View Issue Details
|ID||Project||Category||View Status||Date Submitted||Last Update|
|0001235||OpenMPT||[All Projects] Feature Request||public||2019-07-03 14:22||2019-07-05 21:30|
|Product Version||OpenMPT 1.28.05.00 / libopenmpt 0.4.5 (current stable)|
|Target Version||Fixed in Version|
|Summary||0001235: Option to clear buffers before playback|
When using a lot of CPU-heavy plugins, auditioning a pattern (or the track so far) after making edits will cause the audio buffers to continue, and it spills over into the started playback. This can create sometimes a choppy overrun when auditioning new edits. Occasionally the load is so heavy that it can make it difficult to stop playback as my computer tries to process everything old and new combined.
What we could use is an option to clear the buffers when pressing any play button (which of course will introduce a delay). An alternative, probably less desirable, is a new button which would act separately to clear the buffers before beginning playback.
We could also have an option to allow the buffers to clear when playback is stopped. But this may not always do the job, as some VSTi's will not always respond to stop-playback requests.
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|Has the bug occurred in previous versions?|
|Tested code revision (in case you know it)|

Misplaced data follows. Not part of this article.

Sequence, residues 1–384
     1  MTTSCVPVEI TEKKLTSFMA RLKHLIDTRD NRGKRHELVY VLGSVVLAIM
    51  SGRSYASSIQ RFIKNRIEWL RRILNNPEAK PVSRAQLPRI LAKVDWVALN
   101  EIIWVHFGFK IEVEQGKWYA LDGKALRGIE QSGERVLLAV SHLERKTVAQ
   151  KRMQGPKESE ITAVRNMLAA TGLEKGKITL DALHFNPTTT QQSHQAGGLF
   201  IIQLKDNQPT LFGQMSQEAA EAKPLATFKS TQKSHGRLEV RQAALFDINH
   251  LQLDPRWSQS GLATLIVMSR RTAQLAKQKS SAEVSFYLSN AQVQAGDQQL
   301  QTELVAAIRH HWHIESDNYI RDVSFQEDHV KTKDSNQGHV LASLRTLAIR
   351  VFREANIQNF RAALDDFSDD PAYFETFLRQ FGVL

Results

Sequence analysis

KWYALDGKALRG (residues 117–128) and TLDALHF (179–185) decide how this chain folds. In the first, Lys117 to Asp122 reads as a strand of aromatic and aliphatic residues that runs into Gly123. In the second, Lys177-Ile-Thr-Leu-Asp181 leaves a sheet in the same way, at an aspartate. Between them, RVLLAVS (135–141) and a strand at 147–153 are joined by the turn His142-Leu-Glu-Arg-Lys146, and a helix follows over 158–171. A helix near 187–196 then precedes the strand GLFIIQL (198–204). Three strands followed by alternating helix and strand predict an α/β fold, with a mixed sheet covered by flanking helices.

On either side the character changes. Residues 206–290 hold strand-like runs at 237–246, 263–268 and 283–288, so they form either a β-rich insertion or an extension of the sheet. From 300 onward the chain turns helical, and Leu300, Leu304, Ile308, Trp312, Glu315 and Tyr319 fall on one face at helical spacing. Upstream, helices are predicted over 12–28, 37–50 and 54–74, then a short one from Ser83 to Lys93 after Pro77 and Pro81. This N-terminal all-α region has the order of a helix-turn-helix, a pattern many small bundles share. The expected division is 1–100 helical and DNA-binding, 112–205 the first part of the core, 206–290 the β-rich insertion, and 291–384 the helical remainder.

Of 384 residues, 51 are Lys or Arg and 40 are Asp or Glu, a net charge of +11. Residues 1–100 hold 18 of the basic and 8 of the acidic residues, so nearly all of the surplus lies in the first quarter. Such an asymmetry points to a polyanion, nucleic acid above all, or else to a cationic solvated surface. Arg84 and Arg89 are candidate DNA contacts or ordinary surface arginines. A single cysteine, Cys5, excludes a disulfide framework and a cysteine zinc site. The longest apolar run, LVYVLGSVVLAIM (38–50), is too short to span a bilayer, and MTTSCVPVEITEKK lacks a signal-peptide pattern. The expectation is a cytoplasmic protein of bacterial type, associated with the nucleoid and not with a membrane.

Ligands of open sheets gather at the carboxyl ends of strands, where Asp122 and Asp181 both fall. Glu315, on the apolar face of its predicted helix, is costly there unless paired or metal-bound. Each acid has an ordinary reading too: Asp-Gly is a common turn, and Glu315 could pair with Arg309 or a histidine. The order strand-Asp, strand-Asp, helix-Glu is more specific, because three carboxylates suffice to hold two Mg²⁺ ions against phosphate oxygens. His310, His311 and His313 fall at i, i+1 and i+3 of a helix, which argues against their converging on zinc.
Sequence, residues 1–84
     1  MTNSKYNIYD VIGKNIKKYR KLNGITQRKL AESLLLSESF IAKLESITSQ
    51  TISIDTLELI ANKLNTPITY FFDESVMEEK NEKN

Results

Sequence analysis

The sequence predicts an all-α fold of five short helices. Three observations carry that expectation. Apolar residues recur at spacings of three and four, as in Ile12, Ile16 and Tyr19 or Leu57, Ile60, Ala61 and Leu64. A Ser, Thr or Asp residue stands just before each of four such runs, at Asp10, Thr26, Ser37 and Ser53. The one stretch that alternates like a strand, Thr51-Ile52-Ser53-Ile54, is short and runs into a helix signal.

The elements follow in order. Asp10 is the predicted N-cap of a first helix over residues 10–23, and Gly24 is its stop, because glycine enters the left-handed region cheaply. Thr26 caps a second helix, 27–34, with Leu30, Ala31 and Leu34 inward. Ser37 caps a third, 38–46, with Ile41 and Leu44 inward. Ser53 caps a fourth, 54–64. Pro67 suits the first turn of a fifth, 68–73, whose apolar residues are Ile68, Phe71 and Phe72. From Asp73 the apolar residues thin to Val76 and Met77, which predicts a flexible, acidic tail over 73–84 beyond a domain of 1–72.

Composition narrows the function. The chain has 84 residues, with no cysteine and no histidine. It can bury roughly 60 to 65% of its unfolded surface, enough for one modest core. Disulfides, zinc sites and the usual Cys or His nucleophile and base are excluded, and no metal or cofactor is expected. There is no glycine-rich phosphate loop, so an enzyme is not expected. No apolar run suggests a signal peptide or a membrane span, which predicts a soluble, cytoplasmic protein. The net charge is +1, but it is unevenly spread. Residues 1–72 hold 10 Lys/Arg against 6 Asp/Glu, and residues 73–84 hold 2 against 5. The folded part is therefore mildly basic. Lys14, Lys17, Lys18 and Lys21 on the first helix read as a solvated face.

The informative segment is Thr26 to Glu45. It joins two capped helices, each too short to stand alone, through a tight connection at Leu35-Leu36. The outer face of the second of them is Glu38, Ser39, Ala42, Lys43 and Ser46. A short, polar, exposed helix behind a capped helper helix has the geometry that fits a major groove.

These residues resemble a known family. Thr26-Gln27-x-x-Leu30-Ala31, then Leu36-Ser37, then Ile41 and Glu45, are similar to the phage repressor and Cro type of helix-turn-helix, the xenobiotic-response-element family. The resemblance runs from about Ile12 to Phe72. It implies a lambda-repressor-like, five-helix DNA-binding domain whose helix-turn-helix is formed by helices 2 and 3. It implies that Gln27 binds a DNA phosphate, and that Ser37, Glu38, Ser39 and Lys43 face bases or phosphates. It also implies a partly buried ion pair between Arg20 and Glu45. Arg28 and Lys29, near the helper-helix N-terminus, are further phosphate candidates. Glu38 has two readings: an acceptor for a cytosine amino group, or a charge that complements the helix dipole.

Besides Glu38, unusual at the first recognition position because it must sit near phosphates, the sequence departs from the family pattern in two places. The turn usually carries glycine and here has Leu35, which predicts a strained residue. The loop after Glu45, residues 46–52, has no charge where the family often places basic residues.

I think there are a lot of wrong assumptions of how things work internally in this report, which makes it hard to decipher what the actual problem is. Let's get some things straight:
If you are talking about what I described in the third point, the only option to improve this is to not clear plugin buffers, which may eventually happen when we implement a mode where OpenMPT's audio output is constantly running. If you tried to describe something different, then I didn't understand it.
Well, what's happening is this.
You are right — i'm assuming here, and maybe falsely. But these are educated assumptions. I don't know what you know...
These are indeed the plugins that do not follow the VST standard 100% and do not clear their plugin buffers when being told to do so. So the option you requested would not help there, as OpenMPT already asks the plugins to clean their buffers. Typically this left-over audio will be a reverb tail.
However, it is extremely unlikely that this reverb tail causes audio choppiness: Whether the source that was fed into a reverb consists of one, ten, one hundred or just leftover voices does not matter in terms of how expensive the reverb is to compute. Once the note has been fed into the reverb, the reverb will do its magic until it becomes inaudible.
There are two typical causes for problems when resuming audio playback in OpenMPT:
Without knowing which audio driver type you use (WASAPI? ASIO? WaveRT?), which other audio settings are used, which plugins are involved (plugins with big sample libraries might be clearing their sample cache and thus cannot start new notes immediately), and what the choppiness you describe actually sounds like, there is little more I can do to recommend a workaround or even take any action in the OpenMPT code.